Take power away from the state, and you can safely ignore everyone who does it differently than you would prefer.
In some ways this is kind of a non-issue for me because I think everyone -- gay, straight, bi, lesbian -- should boycott state marriages and return marriage to the private sector (common-law contract, churches, synagogues, etc). Common-law marriage (which Virginia abolished many years ago) is nevertheless still recognized in Virginia if the marriage was entered into in a common-law state (full faith and credit, etc).
The state has NO business endorsing, or not endorsing, marriage.
Here's an important reason: Regarding marriage, there are two widely divergent groups of people who cannot and will not agree to a compromise -- yet both groups are forced to pay taxes. For conservatives, it is galling that their tax money would be used to pay for endorsing/enforcing a marriage type that they are opposed to. For the gay & lesbian community, their tax money pays for endorsing/enforcing a marriage type that they are left out of. That is an inherent, permanent conflict.
No one should be forced to pay for things they don't agree with.
In some ways, the GLBT community of the 1990's made a gigantic strategic error calling for government licensure (and thus approval) of same-sex marriages. Doing so energized the religio-statists and got them out to vote. Twenty years later, and the two groups are still locked in mortal combat.
A better path would have been to calmly push to eliminate marriage licensure altogether (why should the state be in your bedroom, anyway?), and to train judges, arbitrators, and mediators to fairly adjudicate marriage or partnership contract disputes.
Had this been the chosen path, the alternative lifestyle lobby might have found its interests aligned with the hardline religious sector, which would probably endorse getting government out of permitting what to the religious is a sacred union that should be a matter for the couple involved, and their god.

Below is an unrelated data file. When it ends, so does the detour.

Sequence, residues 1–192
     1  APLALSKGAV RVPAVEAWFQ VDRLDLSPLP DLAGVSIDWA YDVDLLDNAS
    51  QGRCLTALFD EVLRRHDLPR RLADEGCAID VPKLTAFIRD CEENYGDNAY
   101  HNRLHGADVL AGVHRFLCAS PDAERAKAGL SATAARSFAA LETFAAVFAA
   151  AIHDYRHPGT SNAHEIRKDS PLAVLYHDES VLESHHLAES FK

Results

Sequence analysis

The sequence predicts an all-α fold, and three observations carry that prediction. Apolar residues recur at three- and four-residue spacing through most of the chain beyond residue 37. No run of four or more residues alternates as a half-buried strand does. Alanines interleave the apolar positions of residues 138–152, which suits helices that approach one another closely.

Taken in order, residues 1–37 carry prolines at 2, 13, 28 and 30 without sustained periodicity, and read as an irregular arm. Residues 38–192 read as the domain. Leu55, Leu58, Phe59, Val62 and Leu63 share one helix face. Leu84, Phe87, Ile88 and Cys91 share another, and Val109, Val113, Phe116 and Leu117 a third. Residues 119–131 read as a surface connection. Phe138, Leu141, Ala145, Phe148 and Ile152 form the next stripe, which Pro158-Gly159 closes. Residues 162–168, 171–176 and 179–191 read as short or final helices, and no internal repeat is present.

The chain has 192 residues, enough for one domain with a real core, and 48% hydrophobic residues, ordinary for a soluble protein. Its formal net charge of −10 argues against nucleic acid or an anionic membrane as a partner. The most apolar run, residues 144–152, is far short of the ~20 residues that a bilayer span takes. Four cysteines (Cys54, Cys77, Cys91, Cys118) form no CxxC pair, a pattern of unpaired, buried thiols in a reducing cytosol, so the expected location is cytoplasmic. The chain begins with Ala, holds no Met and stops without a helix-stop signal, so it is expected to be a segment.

Here is a summary review of the Libertarian position on marriage:
Libertarians favor ending all government interference in the marriage market. For the same reason we favor repealing all restrictions on the individual ownership of firearms, we also favor the abolition of blood tests, marriage licenses, government definitions of marriage, and the repeal of all laws restricting the right of individuals to agree to agree between themselves to marry -- no matter what sex, race, religion, creed, or number are involved.
At the same time, Libertarians want to eliminate the individual income tax, replace social security and medicare with private insurance, and get government out of the business of dictating who one chooses to associate or not associate with. There are tax benefits to being married -- because there are income and estate taxes. Eliminating the special treatment eliminates the desire for special interest legislation.
UPDATE 2/29/2014: Andrew Akers wrote a fairly succinct summary of the difficulty Libertarians have in persuading both sides of the marriage debate to give up a little:
I submit that the real issue (for people who take issue with this) has nothing to do with whether marriage is a legal contract unique from other contracts.
Based on my observations, the important thing for most people is how the term "marriage" is applied. Those opposed to "gay marriage" are often accepting of "civil unions" for same-sex couples, whereas same-sex couples insist that the term "marriage" be applied indiscriminately.
As with many other issues, the Libertarian position here is relatively foreign to those on both sides of the debate.
Hence what we say about "marriage" will be interpreted in the context of the actual debate, which is primarily about the application of a term. Libertarian "opposition to gay marriage" takes on a different meaning in this sense.
It gives the impression that we side with religious conservatives in "preserving the sanctity" of two-person heterosexual unions as superior to other kinds.
I tend to agree. However, we have to start somewhere. If Libertarians are too scared to speak in favor of the actual fair and free solution to the debate, who else will?